Help....what am I doing wrong??

Eastern Nevada, United States

I have had this plant (not sure of the name) for over 6 years now and after I repotted it into this large planter my leaves started having issues. I have tried watering more & less and get nothing different.

Thanks so much

Thumbnail by SandyLJ Thumbnail by SandyLJ Thumbnail by SandyLJ
Portage, WI(Zone 5a)

Many plants have leaves that turn brown like yours (as they age) but in this case I'll guess you need more humidity.

Bay City, MI(Zone 6a)

If your plant has never wilted severely, there is little doubt the problem rests with a high level of soluble salts having accumulated in the soil or over-watering, with the later being highly probable and likely exacerbated by an overly water-retentive soil.

If It was my plant, I'd do a complete repot into an appropriate soil and a rejuvenation pruning shortly after - as soon as the plant gets its feet back under it. I wouldn't delay, though. Mid summer is the best time to work on houseplants, so you should be done with the work by mid-late Jul, if you're up for it. You'll be amazed at the difference it will make.


Eastern Nevada, United States

The air is very dry here so could be part of that problem too.

Al, the soil I used was a new bag of Nature Select from Miracle Grow. Should I try something different? Maybe their regular dirt or the blue bag that is moisture control?

Thanks so much for the info :)

Bay City, MI(Zone 6a)

In most cases, I think that low humidity is probably better considered as contributory to the necrotic leaf tips & margins your plant exhibits, with inhibition of normal root function being the primary cause. I think it would make good sense to try to raise humidity in the room the plant is in (misting isn't the answer), but I think you would get the greatest improvement for your efforts by concentrating on root health so the plant can efficiently move water to distal parts. Yours is a very common problem among those that use soils based on fine particles (like peat/compost/composted forest products/coir/sand/topsoil .....) or ingredients that break down quickly.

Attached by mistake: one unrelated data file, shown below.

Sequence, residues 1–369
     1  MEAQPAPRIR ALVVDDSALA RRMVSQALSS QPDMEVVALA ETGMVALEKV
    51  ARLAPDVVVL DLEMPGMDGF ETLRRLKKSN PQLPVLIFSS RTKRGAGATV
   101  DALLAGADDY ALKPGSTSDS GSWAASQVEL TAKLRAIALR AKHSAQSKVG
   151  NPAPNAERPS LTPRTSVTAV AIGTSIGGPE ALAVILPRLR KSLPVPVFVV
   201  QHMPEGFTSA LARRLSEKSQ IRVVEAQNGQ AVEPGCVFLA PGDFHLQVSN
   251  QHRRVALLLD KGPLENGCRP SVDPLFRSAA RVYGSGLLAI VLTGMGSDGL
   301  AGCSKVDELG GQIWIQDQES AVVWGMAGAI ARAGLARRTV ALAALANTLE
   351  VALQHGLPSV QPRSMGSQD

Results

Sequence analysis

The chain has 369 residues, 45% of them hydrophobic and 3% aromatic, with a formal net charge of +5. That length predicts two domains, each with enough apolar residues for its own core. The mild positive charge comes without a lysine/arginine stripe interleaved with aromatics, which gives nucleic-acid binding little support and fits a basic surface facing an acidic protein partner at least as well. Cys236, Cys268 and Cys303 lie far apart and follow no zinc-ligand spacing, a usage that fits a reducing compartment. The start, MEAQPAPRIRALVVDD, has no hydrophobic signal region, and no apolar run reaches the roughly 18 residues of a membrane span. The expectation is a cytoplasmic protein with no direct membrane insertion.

Not everyone is willing to trade the convenience of a soil from a bag for a soil that requires ingredients you need to shop for before you make the soil. Those who ARE willing, usually see a profound difference in their ability to bring along healthy plants, immediately, and a much greater margin for grower error - the forgiveness factor.

I'll provide you with a couple of links that cover some things that should be a basic part of our store of knowledge, but for some reason are rarely if ever discussed in any plant books or publications. If you decide you don't want to be bothered with building your own soils, I'll provide a link that will help you deal with soils that retain more water than is root-healthy.

Basic overview:

More in depth about soils:

Dealing with water-retentive soils:

I'll keep an eye on the thread - in case you decide you'd like more help.


Eastern Nevada, United States

Thank you Al,
I will certainly take the time to read these posts because I truly do want a healthy plant. I love gardening and am still learning, sadly most of the learning is coming from lots of errors on my part, but I am determined to get it down :)

I will let you know should I have anymore questions.


Bay City, MI(Zone 6a)

I hope you do. There is little doubt that with a few adjustments you can take some sizable steps forward. I think the 'more in depth about soils' thread will be the most valuable to you.

Best luck!


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